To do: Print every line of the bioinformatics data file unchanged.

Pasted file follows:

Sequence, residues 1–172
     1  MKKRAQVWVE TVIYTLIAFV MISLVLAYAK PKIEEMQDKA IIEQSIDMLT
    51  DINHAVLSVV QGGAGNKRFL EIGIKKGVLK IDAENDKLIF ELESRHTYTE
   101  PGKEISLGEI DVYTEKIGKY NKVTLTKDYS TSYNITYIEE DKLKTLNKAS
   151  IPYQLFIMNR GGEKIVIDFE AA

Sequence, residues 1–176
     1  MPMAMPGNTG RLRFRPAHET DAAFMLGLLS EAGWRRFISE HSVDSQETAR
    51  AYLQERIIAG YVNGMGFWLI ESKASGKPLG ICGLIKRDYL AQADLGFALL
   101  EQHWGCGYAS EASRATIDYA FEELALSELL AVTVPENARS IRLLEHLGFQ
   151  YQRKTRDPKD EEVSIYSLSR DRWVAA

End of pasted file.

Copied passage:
Sequence, residues 1–172
     1  MKKRAQVWVE TVIYTLIAFV MISLVLAYAK PKIEEMQDKA IIEQSIDMLT
    51  DINHAVLSVV QGGAGNKRFL EIGIKKGVLK IDAENDKLIF ELESRHTYTE
   101  PGKEISLGEI DVYTEKIGKY NKVTLTKDYS TSYNITYIEE DKLKTLNKAS
   151  IPYQLFIMNR GGEKIVIDFE AA

Sequence, residues 1–176
     1  MPMAMPGNTG RLRFRPAHET DAAFMLGLLS EAGWRRFISE HSVDSQETAR
    51  AYLQERIIAG YVNGMGFWLI ESKASGKPLG ICGLIKRDYL AQADLGFALL
   101  EQHWGCGYAS EASRATIDYA FEELALSELL AVTVPENARS IRLLEHLGFQ
   151  YQRKTRDPKD EEVSIYSLSR DRWVAA